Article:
I'd like to tell you about two kinds of logic. In both, we start with a set \\( X \\) of "states of the world" and build a set of statements about the world, also known as "propositions". In the first, propositions correspond to subsets of \\( X \\). In the second, propositions correspond to partitions of \\( X \\). In both approaches we get a _poset_ of propositions where the partial order is "implication", written \\( \implies \\).
The first kind of logic is very familiar. We could call it "subset logic", but it's part of what people usually call "[classical logic](https://en.wikipedia.org/wiki/Classical_logic)". This is the sort of logic we learn in school, assuming we learn any at all. The second kind of logic is less well known: it's called "[partition logic](https://arxiv.org/abs/0902.1950)". Interestingly, Fong and Spivak spend more time on the second kind.
I'll start by talking about the first kind.
Most of us learn the relation between propositions and subsets, at least implicitly, when we meet [Venn diagrams](https://en.wikipedia.org/wiki/Venn_diagram):
This is a picture of some set \\( X \\) of "states of the world". But the world here is very tiny: it's just a letter. It can be any letter in the Latin, Greek or Cyrillic alphabet. Each region in the Venn diagram is subset of \\( X \\): for example, the upper left circle contains all the letters in the Greek alphabet. But each region can also be seen as a proposition: a statement about the world. For example, the upper left circle corresponds to the proposition "The letter belongs to the Greek alphabet".
As a result, everything you can do with subsets of \\( X \\) turns into something you can do with propositions. Suppose \\( P, Q, \\) and \\( R \\) are subsets of \\( X \\). We can also think of these as propositions, and:
* if \\( P \subseteq Q \\) we say the proposition \\( P \\) **implies** the proposition \\( Q \\), and we write \\( P \implies Q \\).
* If \\( P \cap Q = R \\) we say \\(P \textbf { and } Q = R \\).
* If \\( P \cup Q = R \\) we say the proposition \\( P \textbf{ o r} Q = R \\).
All the rules obeyed by "subset", "and" and "or" become rules obeyed by "implies", "and" and "or".
I hope you know this already, but if you don't, you're in luck: _this is this most important thing you've heard all year!_ Please think about it and ask questions until it revolutionizes the way you think about logic.
But really, all this stuff is about one particular way of getting a poset from the set \\( X \\).
For any set \\( X \\) the **[power set](https://en.wikipedia.org/wiki/Power_set)** of \\( X \\) is the collection of all subsets of \\( X \\). We call it \\( P(X) \\). It's a poset, where the partial ordering is \\( \subseteq \\).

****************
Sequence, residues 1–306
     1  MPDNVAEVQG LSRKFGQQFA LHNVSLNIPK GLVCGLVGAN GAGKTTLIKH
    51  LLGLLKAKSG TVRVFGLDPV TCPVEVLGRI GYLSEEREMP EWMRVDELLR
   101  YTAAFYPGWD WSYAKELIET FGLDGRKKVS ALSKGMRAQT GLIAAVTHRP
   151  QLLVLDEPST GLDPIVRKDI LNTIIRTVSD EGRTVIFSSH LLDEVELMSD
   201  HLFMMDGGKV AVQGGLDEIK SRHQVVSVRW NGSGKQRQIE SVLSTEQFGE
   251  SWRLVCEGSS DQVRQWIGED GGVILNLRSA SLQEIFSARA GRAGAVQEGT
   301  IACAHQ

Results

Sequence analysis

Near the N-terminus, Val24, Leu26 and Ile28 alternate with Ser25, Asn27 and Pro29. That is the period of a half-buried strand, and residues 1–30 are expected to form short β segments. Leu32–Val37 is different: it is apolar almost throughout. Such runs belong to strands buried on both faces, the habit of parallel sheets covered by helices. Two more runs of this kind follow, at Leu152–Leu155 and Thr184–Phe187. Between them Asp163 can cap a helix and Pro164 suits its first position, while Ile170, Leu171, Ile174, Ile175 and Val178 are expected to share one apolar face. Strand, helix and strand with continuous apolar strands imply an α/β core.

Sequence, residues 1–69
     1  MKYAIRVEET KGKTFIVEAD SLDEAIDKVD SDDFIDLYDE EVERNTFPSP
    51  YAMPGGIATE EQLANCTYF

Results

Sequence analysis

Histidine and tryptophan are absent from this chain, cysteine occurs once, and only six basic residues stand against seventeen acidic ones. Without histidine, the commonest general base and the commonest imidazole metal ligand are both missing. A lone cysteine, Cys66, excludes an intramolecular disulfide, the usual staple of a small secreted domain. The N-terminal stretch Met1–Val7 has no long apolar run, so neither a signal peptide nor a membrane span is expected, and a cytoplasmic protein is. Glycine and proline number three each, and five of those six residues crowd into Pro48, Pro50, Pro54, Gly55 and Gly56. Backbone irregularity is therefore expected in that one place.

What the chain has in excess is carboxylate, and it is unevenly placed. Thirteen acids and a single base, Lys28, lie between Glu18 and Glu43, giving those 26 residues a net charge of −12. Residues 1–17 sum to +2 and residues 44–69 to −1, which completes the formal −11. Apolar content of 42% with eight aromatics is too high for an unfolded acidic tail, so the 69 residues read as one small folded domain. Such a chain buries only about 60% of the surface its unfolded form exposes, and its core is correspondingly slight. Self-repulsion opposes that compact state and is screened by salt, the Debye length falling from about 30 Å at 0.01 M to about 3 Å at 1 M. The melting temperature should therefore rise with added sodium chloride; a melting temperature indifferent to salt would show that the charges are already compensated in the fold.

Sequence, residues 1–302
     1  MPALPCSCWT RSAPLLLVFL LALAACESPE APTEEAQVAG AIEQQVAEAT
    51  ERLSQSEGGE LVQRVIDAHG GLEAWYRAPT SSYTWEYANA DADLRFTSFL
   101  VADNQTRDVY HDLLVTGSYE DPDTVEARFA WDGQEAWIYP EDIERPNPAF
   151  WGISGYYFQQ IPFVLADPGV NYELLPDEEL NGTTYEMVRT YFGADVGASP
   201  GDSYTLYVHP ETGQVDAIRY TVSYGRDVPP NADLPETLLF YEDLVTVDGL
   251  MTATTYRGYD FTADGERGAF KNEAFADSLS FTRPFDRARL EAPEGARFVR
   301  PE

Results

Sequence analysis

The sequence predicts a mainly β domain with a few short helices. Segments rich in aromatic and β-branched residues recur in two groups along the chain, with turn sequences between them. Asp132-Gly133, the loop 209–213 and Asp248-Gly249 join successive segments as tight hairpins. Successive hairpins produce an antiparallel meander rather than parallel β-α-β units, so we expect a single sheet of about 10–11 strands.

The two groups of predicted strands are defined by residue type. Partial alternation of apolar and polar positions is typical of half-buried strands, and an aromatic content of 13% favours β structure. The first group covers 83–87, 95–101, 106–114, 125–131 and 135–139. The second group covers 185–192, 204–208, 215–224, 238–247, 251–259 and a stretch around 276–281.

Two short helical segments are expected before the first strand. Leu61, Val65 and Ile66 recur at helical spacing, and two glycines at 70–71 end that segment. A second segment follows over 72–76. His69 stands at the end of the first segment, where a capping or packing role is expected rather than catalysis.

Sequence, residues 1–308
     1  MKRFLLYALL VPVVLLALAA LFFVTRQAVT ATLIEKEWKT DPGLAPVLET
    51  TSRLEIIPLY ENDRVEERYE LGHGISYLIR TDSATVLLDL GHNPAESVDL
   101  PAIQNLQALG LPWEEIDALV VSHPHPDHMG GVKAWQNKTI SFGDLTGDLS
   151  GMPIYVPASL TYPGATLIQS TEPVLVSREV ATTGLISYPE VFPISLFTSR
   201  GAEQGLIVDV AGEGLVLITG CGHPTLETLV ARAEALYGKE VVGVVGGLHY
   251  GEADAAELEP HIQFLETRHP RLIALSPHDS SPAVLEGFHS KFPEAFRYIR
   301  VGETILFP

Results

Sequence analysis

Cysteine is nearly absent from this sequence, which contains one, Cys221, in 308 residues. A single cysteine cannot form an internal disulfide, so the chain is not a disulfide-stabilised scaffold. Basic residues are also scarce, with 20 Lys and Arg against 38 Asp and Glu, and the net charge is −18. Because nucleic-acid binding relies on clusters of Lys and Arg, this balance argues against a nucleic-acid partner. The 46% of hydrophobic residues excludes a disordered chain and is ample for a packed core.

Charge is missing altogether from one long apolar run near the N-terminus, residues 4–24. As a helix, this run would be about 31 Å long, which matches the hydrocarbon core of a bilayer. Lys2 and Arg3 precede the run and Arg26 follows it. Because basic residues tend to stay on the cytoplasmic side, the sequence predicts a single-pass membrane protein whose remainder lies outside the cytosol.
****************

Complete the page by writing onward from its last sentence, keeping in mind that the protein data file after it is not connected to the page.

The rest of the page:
For example, here is a picture of the poset \\( P(X) \\) when \\( X = \\{x,y,z\\} \\):
As you can see, it looks like a 3-dimensional cube. Here's a picture of \\( P(X) \\) when \\( X \\) has 4 elements:
In this picture we say whether each element is in or out of the subset by writing a 1 or 0. This time we get a 4-dimensional cube.
What's the union of two subsets \\( S, T \subseteq X \\)? It's the smallest subset of \\( X \\) that contains both \\( S \\) and \\( T \\) as subsets. This is an example of a concept we can define in any poset:
**Definition.** Given a poset \\( (A, \le) \\), the **join** of \\( a, b \in A \\), if it exists, is the least element \\( c \in A \\) such that \\( a \le c \\) and \\( b \le c \\). We denote the join of \\( a \\) and \\( b \\) as \\( a \vee b \\).
Quite generally we can try to think of _any_ poset as a poset of propositions. Then \\( \vee \\) means "or". In the logic we're studying today, this poset is \\( P X \\) and \\( \vee \\) is just "union", or \\( \cup \\).
Similarly, what's the intersection of two subsets \\( S, T \subseteq X \\)? Well, it's the largest subset of \\( X \\) that is contained as a subset of both \\( S \\) and \\( T \\). Again this is an example of a concept we can define in any poset:
**Definition.** Given a poset \\( (A, \le) \\), the **meet** of \\( a, b \in A \\), if it exists, is the greatest element \\( c \in A \\) such that \\( c \le a \\) and \\( c \le b \\). We denote the meet of \\( a \\) and \\( b \\) as \\( a \wedge b \\).
When we think of a poset as a poset of propositions, \\( \wedge \\) means "and". When our poset is \\( P(X) \\), \\( \wedge \\) is just "intersection". \\( \cap \\).
We could go on with this, and if this were a course on classical logic I would. But this is a course on applied category theory! So, we shouldn't just stick with a fixed set \\( X \\). We should see what happens when we let it vary! We get a poset of propositions for each set \\( X \\), but all these posets are related to each other.
I'll talk about this more next time, but let me give you a teaser now. Say we have two sets \\( X \\) and \\( Y \\) and a function \\( f : X \to Y \\). Then we get a monotone map from the poset \\( P(Y) \\) to the poset \\( P(X) \\), called
\[ f^* : P(Y) \to P(X) \]
For any \\( S \in P(Y) \\), the set \\( f^*(S) \in P(X) \\) is defined like this:
\[ f^*(S) = \\{ x \in X : \; f(x) \in S \\} \]
Next time, I'll show you this monotone map has both a left and a right adjoint! And these turn out to be connected to the logical concepts of "there exists" and "for all". I believe this was first discovered by the great category theorist [Bill Lawvere](https://www.emis.de/journals/TAC/reprints/articles/16/tr16abs.html).
So you see, I haven't given up talking about left and right adjoints. I'm really just getting ready to explain how they show up in logic: first in good old classical "subset logic", and then in the weird new "partition logic".
**[To read other lectures go here.](http://www.azimuthproject.org/azimuth/show/Applied+Category+Theory#Course)**